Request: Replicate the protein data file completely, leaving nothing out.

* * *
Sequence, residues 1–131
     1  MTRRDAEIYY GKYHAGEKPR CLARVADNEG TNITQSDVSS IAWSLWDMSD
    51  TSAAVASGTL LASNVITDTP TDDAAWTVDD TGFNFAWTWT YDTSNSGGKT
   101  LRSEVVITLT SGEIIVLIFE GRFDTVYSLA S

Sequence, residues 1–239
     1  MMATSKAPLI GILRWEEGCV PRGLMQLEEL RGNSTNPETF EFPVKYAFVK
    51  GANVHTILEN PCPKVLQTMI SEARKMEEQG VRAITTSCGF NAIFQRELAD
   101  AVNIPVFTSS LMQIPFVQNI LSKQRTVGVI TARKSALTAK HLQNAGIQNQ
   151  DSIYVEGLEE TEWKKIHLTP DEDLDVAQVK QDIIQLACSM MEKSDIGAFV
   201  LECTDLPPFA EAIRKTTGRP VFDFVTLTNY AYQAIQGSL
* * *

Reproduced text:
Sequence, residues 1–131
     1  MTRRDAEIYY GKYHAGEKPR CLARVADNEG TNITQSDVSS IAWSLWDMSD
    51  TSAAVASGTL LASNVITDTP TDDAAWTVDD TGFNFAWTWT YDTSNSGGKT
   101  LRSEVVITLT SGEIIVLIFE GRFDTVYSLA S

Sequence, residues 1–239
     1  MMATSKAPLI GILRWEEGCV PRGLMQLEEL RGNSTNPETF EFPVKYAFVK
    51  GANVHTILEN PCPKVLQTMI SEARKMEEQG VRAITTSCGF NAIFQRELAD
   101  AVNIPVFTSS LMQIPFVQNI LSKQRTVGVI TARKSALTAK HLQNAGIQNQ
   151  DSIYVEGLEE TEWKKIHLTP DEDLDVAQVK QDIIQLACSM MEKSDIGAFV
   201  LECTDLPPFA EAIRKTTGRP VFDFVTLTNY AYQAIQGSL